Wednesday, October 09, 2002
I took this digital photo of Common reed (Phragmites australis) the other day and decided it would make nice desktop wallpaper. Now I've resized it in a few different resolutions so that you can download it for your very own computer. The images are in jpeg file format. Enjoy!
800 x 600 resolution
1024 x 768 resolution
1280 x 960 resolution
Tuesday, October 08, 2002
Seems like the jury is still out on Bladder Senna (Colutea arborescens). It's not listed as invasive in the USDA PLANTS database, but it is on this invasive list from the Plant Conservation Alliance, and in this weed gallery from Boulder, Colorado. Meanwhile, this Mediterranean legume can be found in a third of all U.S. states, where it is planted as an ornamental. I recently found a tree of this species growing by Wollaston Beach in Quincy, Massachusetts, and there were at least a dozen of its offspring (presumably) growing nearby. Photos are below. If this species is naturalized where you live, let me know.
|Flowers and distinctive puffy seed pod||Bladder senna seedlings established about 20 ft away from flowering tree|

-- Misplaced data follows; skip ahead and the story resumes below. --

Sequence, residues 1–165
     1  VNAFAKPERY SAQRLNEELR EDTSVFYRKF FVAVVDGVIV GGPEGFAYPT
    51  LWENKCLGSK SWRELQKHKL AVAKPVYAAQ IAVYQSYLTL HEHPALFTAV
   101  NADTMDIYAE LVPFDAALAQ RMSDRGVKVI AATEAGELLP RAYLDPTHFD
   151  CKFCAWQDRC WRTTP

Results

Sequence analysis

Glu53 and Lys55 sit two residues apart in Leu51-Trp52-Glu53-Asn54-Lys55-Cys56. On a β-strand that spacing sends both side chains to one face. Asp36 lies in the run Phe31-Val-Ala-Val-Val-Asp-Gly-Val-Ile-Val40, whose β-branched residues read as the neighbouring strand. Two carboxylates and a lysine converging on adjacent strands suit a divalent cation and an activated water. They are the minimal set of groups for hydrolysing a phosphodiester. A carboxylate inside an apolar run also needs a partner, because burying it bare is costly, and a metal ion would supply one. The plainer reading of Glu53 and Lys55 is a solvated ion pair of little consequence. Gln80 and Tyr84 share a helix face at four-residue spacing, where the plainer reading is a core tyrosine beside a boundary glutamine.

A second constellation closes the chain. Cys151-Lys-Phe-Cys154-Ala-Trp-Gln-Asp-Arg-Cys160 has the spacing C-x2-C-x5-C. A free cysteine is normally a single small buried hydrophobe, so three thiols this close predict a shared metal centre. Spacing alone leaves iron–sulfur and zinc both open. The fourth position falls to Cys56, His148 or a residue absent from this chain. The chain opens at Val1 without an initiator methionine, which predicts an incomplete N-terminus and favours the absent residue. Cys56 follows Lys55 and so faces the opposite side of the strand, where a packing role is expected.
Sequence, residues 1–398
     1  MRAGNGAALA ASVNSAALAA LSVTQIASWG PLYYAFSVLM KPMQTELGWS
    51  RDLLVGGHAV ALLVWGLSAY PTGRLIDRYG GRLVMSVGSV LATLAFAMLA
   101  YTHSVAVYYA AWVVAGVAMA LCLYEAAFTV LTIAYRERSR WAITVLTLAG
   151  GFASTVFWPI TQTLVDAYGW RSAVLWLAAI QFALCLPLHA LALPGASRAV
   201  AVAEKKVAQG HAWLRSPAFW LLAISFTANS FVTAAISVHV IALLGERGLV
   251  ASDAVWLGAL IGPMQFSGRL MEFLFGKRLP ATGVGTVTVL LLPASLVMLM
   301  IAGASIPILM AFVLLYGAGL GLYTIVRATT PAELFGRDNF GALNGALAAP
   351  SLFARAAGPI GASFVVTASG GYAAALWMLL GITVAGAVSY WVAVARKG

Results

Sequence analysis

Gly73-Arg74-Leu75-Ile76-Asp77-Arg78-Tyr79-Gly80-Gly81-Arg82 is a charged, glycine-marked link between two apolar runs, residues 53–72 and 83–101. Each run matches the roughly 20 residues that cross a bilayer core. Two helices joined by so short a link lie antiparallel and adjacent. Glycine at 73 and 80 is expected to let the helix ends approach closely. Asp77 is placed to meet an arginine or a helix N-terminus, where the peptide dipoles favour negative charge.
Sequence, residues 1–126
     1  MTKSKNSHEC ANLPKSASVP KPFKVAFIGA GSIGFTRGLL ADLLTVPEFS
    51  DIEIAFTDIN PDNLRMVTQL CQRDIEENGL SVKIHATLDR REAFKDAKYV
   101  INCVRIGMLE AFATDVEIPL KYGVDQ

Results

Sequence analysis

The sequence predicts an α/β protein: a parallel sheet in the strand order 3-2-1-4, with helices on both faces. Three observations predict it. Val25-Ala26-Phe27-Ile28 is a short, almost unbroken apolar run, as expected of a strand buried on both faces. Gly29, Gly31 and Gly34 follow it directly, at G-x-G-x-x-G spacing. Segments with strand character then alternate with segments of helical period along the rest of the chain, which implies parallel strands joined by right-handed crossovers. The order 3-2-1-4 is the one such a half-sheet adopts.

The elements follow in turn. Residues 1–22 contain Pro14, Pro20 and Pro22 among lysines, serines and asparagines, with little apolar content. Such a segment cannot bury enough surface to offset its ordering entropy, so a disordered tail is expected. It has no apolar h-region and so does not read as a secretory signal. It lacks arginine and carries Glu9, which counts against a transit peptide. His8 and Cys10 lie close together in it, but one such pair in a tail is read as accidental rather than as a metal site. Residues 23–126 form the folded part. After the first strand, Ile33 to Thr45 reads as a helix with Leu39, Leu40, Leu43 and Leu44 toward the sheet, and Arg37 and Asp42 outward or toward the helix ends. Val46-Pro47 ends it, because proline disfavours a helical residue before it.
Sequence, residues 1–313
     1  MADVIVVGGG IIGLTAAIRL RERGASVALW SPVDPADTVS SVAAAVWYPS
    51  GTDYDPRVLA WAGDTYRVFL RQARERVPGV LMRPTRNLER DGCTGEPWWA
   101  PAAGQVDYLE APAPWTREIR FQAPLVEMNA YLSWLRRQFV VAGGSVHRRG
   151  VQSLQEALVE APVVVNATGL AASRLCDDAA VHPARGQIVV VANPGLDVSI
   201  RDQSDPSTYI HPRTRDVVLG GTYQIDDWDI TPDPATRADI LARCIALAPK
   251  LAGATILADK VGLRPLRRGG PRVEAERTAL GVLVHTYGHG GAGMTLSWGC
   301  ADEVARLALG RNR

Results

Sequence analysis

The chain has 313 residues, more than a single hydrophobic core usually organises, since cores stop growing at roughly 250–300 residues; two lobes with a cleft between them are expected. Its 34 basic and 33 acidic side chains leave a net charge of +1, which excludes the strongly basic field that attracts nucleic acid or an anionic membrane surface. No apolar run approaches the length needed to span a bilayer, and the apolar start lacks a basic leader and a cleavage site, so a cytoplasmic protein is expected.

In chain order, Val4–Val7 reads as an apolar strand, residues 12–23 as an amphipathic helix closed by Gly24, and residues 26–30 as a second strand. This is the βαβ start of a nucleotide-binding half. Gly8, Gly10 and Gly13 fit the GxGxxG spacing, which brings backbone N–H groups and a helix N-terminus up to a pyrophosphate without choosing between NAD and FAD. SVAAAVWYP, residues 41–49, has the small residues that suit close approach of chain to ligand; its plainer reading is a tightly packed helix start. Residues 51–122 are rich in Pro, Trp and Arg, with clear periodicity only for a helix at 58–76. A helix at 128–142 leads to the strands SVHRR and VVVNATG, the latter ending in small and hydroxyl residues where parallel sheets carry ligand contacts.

Monday, October 07, 2002
The Massachusetts Bays Program is sponsoring a conference Nov. 14-15 titled "EYES ON THE ESTUARIES: Preventing and Detecting Marine Invasive Species." If you attend you can hear talks about current marine invasive in Massachusetts, potential future invaders, and what we can do to monitor and prevent invasions. The conference is being held at the New England Aquarium in Boston, and is a bargain at $50 for the two days.
Sunday, October 06, 2002
Invasive species pay no attention to political boundaries, a good reason why we need a global effort to prevent invasives from being introduced into new regions. Taking a pointer from the U.S., whose Congress recently introduced legislation to create the National Aquatic Invasive Species Act, Canadian officials are considering similar legislation for their own country. After a meeting of the U.S.-Canada International Joint Commission, members spoke about the problems caused by invasive species that both countries must face, from the spread of the Asian carp to the potential hazards of contaminated ballast water.
Saturday, October 05, 2002
Lakeplain prairies are an extremely rare ecosystem, found only on the shores of the Great Lakes. According to this article in Michigan's Times Herald, several areas of lakeplain prairie have been invaded by the reed Phragmites australis, and now the communities are fighting back. Their solution is a three step program: application of herbicide, cutting back of the sprayed plants, and the burning of the prairie to destroy remaining phrag and encourage native prairie plants to reestablish.